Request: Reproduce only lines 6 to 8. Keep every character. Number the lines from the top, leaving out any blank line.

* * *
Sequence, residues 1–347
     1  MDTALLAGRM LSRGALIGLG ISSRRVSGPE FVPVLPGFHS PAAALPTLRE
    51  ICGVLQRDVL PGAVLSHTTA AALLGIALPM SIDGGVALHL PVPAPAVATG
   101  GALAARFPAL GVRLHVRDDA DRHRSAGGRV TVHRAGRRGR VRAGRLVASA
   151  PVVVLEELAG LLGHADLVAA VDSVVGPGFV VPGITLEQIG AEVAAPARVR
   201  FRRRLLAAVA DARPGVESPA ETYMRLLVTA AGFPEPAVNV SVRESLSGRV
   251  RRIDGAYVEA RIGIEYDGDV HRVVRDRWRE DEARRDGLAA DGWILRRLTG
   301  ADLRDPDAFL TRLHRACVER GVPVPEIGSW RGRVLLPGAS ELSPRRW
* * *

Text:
   201  FRRRLLAAVA DARPGVESPA ETYMRLLVTA AGFPEPAVNV SVRESLSGRV
   251  RRIDGAYVEA RIGIEYDGDV HRVVRDRWRE DEARRDGLAA DGWILRRLTG
   301  ADLRDPDAFL TRLHRACVER GVPVPEIGSW RGRVLLPGAS ELSPRRW